Posts Tagged ‘short story’

29
May

Profession, by Asimov

by adminadam in fiction

Profession, by Isaac Asimov — © 1957

George Platen could not conceal the longing in his voice. It was too much to suppress. He said, “Tomorrow’s 1 May. Olympics!”

He rolled over on his stomach and peered over the foot of his bed at his roommate. Didn’t he feel it, too? Didn’t this make some impression on him?

George’s face was thin and had grown a trifle thinner in the nearly year and a half that he had been at the House. His figure was slight but the look in his blue eyes was as intense as it had ever been, and right now there was a trapped look in the way his fingers curled against the bedspread.

George’s roommate looked up briefly from his book and took the opportunity to adjust the light-level of the stretch of wall near his chair. His name was Hali Omani and he was a Nigerian by birth. His dark brown skin and massive features seemed made for calmness, and mention of the Olympics did not move him.

“I know, George.”

George owed much to Hali’s patience and kindness when it was needed, but even patience and kindness could be overdone.

Was this a time to sit there like a statue built of some dark, warm wood?

George wondered if he himself would grow like that after ten years here and rejected the thought violently. No!

He said defiantly, “I think you’ve forgotten what May means.”

The other said, ”I remember very well what it means. It means nothing! You’re the one who’s forgotten that. May means nothing to you, George Platen, and,’ he added softly, “It means nothing to me, Hali Omani.”

George said, “The ships are coming in for recruits. By June, thousands and thousands will leave with millions of men and women heading for any world you can name, and all that means nothing?”

“Less than nothing. What do you want me to do about it, anyway?” Omani ran his finger along a difficult passage in the book he was reading and his lips moved soundlessly.

George watched him. Damn it, he thought, yell scream; you can do that much. Kick at me, do anything.

It was only that he wanted not to be so alone in his anger. He wanted not to be the only one so filled with resentment, not to be the only one dying a slow death.

It was better those first weeks when the Universe was a small shell of vague light and sound pressing down upon him. It was better before Omani had wavered into view and dragged him back to a life that wasn’t worth living.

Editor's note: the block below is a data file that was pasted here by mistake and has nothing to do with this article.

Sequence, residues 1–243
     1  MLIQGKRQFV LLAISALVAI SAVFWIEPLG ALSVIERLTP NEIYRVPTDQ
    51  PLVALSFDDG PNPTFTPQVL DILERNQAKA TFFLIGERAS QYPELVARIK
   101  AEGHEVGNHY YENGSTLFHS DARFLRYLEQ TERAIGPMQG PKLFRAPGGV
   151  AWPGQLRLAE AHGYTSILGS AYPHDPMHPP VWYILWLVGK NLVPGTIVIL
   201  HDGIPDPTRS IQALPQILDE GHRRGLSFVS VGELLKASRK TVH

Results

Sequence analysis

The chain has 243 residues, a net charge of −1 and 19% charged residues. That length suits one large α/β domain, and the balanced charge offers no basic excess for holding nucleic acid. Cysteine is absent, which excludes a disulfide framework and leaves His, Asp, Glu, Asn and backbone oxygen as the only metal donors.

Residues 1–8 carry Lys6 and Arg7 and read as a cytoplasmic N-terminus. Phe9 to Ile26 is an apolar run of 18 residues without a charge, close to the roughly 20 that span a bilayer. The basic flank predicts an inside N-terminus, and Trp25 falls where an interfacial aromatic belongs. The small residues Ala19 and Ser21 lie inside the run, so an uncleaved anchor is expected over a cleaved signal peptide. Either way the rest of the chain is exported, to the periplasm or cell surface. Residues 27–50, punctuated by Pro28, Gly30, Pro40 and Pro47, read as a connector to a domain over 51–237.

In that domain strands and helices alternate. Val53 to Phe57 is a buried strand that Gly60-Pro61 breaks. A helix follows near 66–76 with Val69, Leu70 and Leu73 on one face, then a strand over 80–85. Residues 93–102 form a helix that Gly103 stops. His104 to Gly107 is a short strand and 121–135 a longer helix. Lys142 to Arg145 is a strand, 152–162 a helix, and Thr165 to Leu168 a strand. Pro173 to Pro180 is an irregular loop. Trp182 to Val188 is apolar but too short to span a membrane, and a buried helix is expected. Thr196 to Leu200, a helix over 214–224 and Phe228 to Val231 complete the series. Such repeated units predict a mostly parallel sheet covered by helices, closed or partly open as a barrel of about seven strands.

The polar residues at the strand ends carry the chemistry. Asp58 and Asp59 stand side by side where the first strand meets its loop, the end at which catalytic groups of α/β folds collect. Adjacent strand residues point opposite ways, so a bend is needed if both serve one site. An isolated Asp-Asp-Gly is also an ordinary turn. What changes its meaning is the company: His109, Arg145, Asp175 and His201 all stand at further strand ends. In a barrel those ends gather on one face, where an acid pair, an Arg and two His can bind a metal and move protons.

Omani! He was old! He was at least thirty. George thought: Will I be like that at thirty? Will I be like that in twelve years?

And because he was afraid he might be, he yelled at Omani, “Will you stop reading that fool book?”

Omani turned a page and read on a few words, then lifted his head with its skullcap of crisply curled hair and said, “What?”

“What good does it do you to read the book?” He stepped forward, snorted “More electronics,” and slapped it out of Omani’s hands.

Omani got up slowly and picked up the book. He smoothed a crumpled page without visible rancor. “Call it the satisfaction of curiosity,” he said. “I understand a little of it today, perhaps a little more tomorrow. That’s a victory in a way.”

“A victory. What kind of a victory? Is that what satisfies you in life? To get to know enough to be a quarter of a Registered Electronician by the time you’re sixty-five?”

“Perhaps by the time I’m thirty-five.”

“And then who’ll want you? Who’ll use you? Where will you go?”

“No one. No one. Nowhere. I’ll stay here and read other books.”

“And that satisfies you? Tell me! You’ve dragged me to class. You’ve got me to reading and memorizing, too. For what? There’s nothing in it that satisfies me.”

“What good will it do you to deny yourself satisfaction?”

“It means I’ll quit the whole farce. I’ll do as I planned to do in the beginning before you dovey-lovied me out of it. I’m going to force them to – to – ”